Children newly diagnosed with Crohn's disease may benefit from biologic drugs

Children newly diagnosed with Crohn's disease may benefit from early treatment with the biologic drugs known as anti-TNF-α agents, according to a new study in Gastroenterology, the official journal of the American Gastroenterological Association.

"While the use of biologic drugs, such as infliximab or adalimumab, is generally reserved for patients who have failed previous therapy for Crohn's disease, little is known about outcomes following the earlier use," said study author Jeffrey S. Hyams, MD, from Connecticut Children's Medical Center, Hartford. "This new research finds that, in children newly diagnosed with moderate to severe Crohn's disease, early anti-TNF-α therapy is more effective at achieving remission than the current standard treatment."

Using data from the RISK Stratification Study, an ongoing, prospective observational research program currently involving 28 pediatric gastroenterology centers in North America, researchers compared the effectiveness of early (within three months after diagnosis) treatment with anti-TNF-α inhibitors, compared with early treatment with immunomodulatory drugs, in attaining clinical remission and facilitating growth in children with Crohn's disease. The current standard of care is corticosteroids followed by the early introduction of immunomodulatory drugs.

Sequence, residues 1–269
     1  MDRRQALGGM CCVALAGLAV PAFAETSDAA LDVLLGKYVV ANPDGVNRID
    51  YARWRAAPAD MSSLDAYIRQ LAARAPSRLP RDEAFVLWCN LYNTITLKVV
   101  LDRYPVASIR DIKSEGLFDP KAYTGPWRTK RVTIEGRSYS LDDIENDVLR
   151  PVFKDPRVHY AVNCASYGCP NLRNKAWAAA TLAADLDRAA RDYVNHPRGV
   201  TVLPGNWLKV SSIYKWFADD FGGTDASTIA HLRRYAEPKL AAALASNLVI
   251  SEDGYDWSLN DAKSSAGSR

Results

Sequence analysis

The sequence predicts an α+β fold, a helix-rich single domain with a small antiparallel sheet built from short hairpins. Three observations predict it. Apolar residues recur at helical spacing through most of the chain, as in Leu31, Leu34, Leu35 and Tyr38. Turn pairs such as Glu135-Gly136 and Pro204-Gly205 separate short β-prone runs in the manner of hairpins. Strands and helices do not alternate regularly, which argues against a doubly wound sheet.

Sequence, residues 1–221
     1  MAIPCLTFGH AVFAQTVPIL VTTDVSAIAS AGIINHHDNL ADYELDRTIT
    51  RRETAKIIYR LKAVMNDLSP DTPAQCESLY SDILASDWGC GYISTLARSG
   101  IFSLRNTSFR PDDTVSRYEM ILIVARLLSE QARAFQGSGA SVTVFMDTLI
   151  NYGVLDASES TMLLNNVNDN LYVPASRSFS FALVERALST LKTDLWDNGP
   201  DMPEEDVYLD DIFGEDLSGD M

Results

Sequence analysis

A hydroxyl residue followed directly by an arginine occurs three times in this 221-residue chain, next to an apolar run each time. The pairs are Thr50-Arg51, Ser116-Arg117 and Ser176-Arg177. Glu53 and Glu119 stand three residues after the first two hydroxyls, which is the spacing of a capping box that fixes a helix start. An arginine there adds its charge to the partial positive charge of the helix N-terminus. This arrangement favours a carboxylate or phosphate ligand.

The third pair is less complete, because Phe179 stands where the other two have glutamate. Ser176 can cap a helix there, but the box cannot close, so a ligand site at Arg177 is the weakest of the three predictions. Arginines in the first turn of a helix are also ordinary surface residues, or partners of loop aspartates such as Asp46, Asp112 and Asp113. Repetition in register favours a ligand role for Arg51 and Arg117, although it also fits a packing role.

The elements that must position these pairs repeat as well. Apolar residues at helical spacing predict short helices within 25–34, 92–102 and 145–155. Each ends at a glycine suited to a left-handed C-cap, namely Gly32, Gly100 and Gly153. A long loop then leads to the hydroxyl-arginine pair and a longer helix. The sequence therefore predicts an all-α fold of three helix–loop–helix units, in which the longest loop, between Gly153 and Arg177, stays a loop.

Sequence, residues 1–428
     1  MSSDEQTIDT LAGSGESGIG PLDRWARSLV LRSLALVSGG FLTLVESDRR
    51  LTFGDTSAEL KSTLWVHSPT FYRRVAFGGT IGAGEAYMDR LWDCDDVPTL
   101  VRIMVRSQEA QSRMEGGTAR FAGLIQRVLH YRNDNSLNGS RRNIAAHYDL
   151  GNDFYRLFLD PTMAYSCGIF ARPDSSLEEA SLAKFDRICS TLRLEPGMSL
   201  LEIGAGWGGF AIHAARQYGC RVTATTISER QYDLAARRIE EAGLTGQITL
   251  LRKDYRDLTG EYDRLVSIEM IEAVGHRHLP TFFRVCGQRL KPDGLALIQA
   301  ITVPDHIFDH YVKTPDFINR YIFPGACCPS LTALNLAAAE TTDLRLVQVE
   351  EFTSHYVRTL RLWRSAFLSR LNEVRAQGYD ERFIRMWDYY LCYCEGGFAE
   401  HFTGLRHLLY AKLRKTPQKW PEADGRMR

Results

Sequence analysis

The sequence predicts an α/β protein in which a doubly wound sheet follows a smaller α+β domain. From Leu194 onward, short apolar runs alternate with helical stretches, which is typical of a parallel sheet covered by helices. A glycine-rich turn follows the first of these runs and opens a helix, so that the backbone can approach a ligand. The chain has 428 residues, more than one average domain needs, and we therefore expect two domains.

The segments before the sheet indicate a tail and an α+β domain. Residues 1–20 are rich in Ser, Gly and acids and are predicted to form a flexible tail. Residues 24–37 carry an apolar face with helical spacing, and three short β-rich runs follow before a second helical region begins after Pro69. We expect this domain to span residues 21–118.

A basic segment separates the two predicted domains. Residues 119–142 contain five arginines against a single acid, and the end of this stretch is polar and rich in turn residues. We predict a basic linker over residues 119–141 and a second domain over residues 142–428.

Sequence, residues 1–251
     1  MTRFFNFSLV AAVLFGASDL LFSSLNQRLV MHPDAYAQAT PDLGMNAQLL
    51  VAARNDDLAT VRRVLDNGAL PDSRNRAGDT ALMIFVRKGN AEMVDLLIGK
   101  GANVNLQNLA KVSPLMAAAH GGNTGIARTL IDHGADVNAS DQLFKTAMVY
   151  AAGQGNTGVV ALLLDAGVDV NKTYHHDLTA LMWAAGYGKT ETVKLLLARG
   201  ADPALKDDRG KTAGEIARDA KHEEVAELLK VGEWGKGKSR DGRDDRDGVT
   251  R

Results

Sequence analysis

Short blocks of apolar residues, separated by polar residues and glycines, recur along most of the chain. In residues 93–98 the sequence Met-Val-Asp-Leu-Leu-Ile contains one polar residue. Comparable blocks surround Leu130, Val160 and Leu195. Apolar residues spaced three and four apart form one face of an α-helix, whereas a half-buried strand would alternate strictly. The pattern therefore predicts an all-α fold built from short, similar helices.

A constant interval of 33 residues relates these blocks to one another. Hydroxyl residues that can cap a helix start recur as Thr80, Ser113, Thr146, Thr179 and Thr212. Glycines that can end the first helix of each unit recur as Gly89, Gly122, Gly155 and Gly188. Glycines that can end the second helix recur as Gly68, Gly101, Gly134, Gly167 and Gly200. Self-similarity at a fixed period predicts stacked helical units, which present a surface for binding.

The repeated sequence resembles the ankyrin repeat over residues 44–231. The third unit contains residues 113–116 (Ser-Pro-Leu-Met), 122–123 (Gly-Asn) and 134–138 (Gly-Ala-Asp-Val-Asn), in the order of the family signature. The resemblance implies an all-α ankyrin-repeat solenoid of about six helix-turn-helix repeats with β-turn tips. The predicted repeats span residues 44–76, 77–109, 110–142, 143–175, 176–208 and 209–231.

At one-year, 85 percent of patients receiving early anti-TNF-α therapy alone were in corticosteroid-free clinical remission, a significantly greater proportion than those treated with either early immunomodulators alone (60 percent) or no early immunotherapy (54 percent). Further, at one-year, no patients in the early anti-TNF-α group had a Pediatric Crohn's Disease Activity Index of greater than 30, compared with 7 percent in the early immunomodulators group and 10 percent in the no early immunotherapy group. Only in the early anti-TNF- α group was normal growth velocity established.

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